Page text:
ENABLING STRUCTURESAPPROACHES FOR MORE EFFECTIVE POSTDISCHARGE ENGAGEMENT

One approach for structuring physician participation is to create new roles for physicians as transitionalists,[22] extensivists,[23] or comprehensive‐care physicians[24] to help patients migrate from the volatile postacute period into a more stable state of recovery. Much as hospital‐based rapid response teams add a layer of additional expertise and availability without replacing the role of the attending physician, in this model, transitionalist or extensivist teams could respond to postacute issues in concert with inpatient and outpatient physicians of record.

Another approach could be to integrate the patients' hospitalists or primary care physicians into interprofessional teams modeled after hospital transfer centers, robust interdisciplinary teams that manage intense care‐coordination issues for complex inpatients. A similar approach could be used to elevate care transitions from hospital to homea postdischarge recovery center. In the same way that transfer centers develop ongoing relationships with referring hospitals and communities, postdischarge recovery centers will also need to develop working relationships with community resources like senior centers, transportation services, and the patients' physicians that provide ongoing care to be effective. A recent study of a similar concept (a virtual ward) [25] provides both a framework for this type of interprofessional collaboration and also caution in underestimating the dose or intensity of such interventions needed for those interventions to succeed. In that study, the interprofessional team was not fully integrated into the ecosystem in which patients lived, and providers frequently had difficulty communicating with the patients' ongoing caregivers, including both physicians and personal support workers.

Certainly, there are many other approaches that could be imagined, and there are pros and cons for those suggested here. Although some of these roles may seem like new types of physicians, which could worsen fragmentation, what we are suggesting is more akin to hybridization of current hospitalist and primary care provider roles. A first step could be just giving a name to the additional effort asked of these providers, and paying for time spent when they are not acting in either the inpatient attending or outpatient attending role but in the coordinating role. Fortunately, Medicare's new initiative to pay for chronic‐care management will allow physicians, clinics, and hospitals more flexibility to bill for such services that are not based on face‐to‐face encounters in the hospital or clinic.[26]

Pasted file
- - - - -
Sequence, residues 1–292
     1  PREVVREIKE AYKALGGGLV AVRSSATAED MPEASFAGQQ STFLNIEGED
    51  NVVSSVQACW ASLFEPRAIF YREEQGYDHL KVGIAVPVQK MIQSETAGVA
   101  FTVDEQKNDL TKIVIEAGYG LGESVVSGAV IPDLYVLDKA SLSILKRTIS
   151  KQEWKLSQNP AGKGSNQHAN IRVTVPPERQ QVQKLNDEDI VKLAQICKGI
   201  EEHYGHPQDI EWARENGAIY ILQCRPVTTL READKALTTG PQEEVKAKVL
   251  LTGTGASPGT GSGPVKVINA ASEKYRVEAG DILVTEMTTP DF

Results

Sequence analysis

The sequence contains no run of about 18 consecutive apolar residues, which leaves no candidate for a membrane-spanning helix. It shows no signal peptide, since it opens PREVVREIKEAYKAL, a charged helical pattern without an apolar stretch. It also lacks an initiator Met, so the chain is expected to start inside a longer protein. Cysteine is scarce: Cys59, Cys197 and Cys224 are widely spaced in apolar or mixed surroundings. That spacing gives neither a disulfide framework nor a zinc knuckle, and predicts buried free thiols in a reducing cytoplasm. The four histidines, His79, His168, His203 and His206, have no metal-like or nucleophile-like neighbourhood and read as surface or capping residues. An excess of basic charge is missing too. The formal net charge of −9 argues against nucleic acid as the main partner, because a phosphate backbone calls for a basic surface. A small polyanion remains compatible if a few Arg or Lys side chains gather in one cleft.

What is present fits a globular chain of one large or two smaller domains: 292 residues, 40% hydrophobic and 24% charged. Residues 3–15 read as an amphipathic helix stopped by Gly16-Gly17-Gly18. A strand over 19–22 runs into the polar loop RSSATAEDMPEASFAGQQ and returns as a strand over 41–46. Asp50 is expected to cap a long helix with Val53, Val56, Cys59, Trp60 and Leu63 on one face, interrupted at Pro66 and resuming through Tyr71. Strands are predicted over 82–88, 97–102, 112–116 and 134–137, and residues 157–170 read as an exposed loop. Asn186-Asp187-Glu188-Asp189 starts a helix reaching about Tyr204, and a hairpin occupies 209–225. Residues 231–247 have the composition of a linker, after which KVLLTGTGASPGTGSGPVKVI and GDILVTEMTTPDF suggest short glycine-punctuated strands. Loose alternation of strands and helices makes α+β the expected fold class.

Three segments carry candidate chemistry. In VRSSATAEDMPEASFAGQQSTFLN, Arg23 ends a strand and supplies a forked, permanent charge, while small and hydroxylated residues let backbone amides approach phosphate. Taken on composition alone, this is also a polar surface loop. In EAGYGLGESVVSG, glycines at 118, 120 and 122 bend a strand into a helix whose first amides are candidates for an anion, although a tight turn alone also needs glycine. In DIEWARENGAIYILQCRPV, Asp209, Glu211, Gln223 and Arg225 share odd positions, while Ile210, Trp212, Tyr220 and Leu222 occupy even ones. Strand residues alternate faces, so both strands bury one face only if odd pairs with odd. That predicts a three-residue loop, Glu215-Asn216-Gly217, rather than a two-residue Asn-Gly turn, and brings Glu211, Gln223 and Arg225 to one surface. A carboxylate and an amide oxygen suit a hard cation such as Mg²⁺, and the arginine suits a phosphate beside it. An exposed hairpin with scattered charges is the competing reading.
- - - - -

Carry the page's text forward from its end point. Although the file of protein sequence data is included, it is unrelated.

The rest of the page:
Moreover, although solving the puzzle of posthospital recovery cannot be fixed with hospitalist‐centric solutions alone, we believe more discourse is needed to define contributions from these physicians. Current policies, such as the PCMH, focus on the clinic and primary‐care providers, whereas the Medicare Readmission Reduction Program focuses on the hospital but not the hospitalist. Thus, there is a specific gap in engaging hospitalists in ongoing efforts to solve this puzzle and answer important questions about the specific role(s) of the hospitalist[27] as well as the primary care provider[28] in preventing readmissions and facilitating recovery. Certainly, integration of any new roles is needed to avoid fragmentation by default, and our suggestion of roles such as transitionalists or transfer center physicians are intended as examples to facilitate broader discussion about individual physician roles. As is often the case in healthcare, a 1 size fits all solution is unlikely, and a variety of complimentary roles may be needed to accommodate the diversity of patients and providers as well as the delivery systems where they interact.

CONCLUSION

Although the emphasis on interdisciplinary care and systems approaches in promoting recovery is welcome, individual physicians are usually overlooked in these discussions. Most physicians want to help but cannot simply do more in the absence of more creative and structured approaches. As a recent commentary on care transitions suggested, It's the how, not just the what.[29] We agree but would add, It's also about who. Thus, the time has come to engage physicians within care‐delivery models specifically designed to solve this puzzle. Although interprofessional teams are clearly needed, patients look to individuals who know them, not teams, when they run into trouble, and their first move is often to call the doctor. Because physicians play such an important role in the acute phase of illness, their struggles and efforts in the postacute phase need to be recognized and streamlined if we are to improve our patients' chances of full recovery.

Disclosure: Nothing to report.